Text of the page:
15 Sep 2014
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Heavy Fire Destroys Ossining Two-Family Home

A firefighter was hospitalized for fatigue after battling today's blaze.

Heavy Fire Destroys Ossining Two-Family Home Heavy Fire Destroys Ossining Two-Family Home Heavy Fire Destroys Ossining Two-Family Home Heavy Fire Destroys Ossining Two-Family Home Heavy Fire Destroys Ossining Two-Family Home
49 Hunter Street was still smoldering at 9:30 a.m. Wednesday following many hours of overnight effort from about 65 fire department members. Luckily, said Ossining Chief Jason Lorenz, no one happened to be in this two-family home when the aggressive blaze began.

A neighbor two doors down from the scene where many emergency responders were still at work -- at this point throwing ruined things out open spaces in the charred remains of the structure -- said she was awoken around 4 a.m. by a loud popping noise. 

"It was like fireworks," said 21-year-old Kassandra Negron, "like a huge pop, an explosion. But I was already waking up from the craziness, the lights." 

Negron is familiar with the tenants of the two-family home and confirmed what authorities said that no one was there. "The family is off bringing him to college," she said of one young tenant and his family. The other tenant downstairs, "was staying with his mom."

"It's pretty scary," Negron said of what they will return to see.

Officials said they would be there for a while; the blaze that got called in by a neighbor around 3:45 a.m. was only considered fully under control by 8:30 a.m., Lorenz said. 

Negron said the second floor actually started to burn again after it had already been extinguished.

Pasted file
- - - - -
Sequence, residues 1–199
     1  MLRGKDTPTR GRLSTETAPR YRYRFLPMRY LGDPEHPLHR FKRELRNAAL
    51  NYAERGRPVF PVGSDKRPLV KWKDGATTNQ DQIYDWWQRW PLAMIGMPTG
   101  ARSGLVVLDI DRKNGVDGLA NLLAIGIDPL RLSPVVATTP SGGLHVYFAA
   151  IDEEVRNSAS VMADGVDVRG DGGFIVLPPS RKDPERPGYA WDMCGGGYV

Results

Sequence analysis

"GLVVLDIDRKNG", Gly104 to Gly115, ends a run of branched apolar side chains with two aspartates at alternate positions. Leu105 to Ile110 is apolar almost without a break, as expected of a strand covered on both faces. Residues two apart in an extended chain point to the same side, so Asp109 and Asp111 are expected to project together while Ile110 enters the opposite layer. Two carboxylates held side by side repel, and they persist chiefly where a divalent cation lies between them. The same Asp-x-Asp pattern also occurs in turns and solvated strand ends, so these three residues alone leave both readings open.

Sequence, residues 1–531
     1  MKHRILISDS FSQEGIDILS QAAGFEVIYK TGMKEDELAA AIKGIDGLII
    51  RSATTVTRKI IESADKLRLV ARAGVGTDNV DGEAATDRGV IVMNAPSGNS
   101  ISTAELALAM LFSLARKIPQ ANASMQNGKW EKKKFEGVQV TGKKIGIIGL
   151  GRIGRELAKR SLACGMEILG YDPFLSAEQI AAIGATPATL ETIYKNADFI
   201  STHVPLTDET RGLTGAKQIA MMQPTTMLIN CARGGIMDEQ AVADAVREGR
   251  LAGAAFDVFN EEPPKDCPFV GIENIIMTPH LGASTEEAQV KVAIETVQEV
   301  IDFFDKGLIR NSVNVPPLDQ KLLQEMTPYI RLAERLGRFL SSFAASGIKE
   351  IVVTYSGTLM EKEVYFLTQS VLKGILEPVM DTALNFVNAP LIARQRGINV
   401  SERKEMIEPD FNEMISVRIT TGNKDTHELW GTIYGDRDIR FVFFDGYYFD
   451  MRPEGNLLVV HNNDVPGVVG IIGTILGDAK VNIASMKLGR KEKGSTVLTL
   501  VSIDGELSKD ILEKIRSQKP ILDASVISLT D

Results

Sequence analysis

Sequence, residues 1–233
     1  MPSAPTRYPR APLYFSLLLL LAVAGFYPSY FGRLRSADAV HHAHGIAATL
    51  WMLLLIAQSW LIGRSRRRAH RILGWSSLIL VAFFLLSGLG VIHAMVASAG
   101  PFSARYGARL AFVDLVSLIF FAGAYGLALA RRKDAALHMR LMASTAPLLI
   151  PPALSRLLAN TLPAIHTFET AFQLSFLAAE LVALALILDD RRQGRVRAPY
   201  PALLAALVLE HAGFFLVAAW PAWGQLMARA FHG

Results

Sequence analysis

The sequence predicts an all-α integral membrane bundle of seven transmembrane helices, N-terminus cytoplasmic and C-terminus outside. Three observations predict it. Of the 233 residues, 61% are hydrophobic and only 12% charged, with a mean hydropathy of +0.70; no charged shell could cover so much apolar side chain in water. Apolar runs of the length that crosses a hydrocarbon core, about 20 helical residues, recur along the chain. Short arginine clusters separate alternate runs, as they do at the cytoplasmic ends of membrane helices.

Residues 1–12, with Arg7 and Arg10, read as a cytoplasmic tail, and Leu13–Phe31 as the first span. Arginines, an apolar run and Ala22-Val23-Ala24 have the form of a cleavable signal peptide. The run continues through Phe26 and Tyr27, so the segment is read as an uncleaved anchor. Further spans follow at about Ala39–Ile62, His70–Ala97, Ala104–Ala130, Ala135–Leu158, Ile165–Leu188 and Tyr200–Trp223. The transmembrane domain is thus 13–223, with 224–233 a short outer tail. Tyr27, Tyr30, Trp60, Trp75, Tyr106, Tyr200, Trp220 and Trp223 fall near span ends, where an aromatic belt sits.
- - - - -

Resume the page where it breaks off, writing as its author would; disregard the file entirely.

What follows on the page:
Responders were confronted by a "heavy fire load on the porch," when they arrived, Lorenz said. They did two searches of the home to make doubly sure no one was home. 

One firefighter had already been treated and released from Phelps Memorial Hospital this morning for fatigue, Lorenz said. 

Fire departments responding hailed from Ossining, Croton, Briarcliff Manor, Sleepy Hollow, Millwood, along with assistance from Ossining and Pleasantville ambulance corps. 

The structure looks unsalvageable from street level, but Lorenz said they would do their best to save the home. "It's an old construction, the siding melted," Lorenz described. "The floors are compromised."

The building department and Village manager were on hand to investigate the house as well, though the home's owner was not around. Lorenz said it's a challenge with this level of a fire to get in there and determine the cause at this point, and he ventured no guess yet. 

Negron, the neighbor, said she heard it was electrical.

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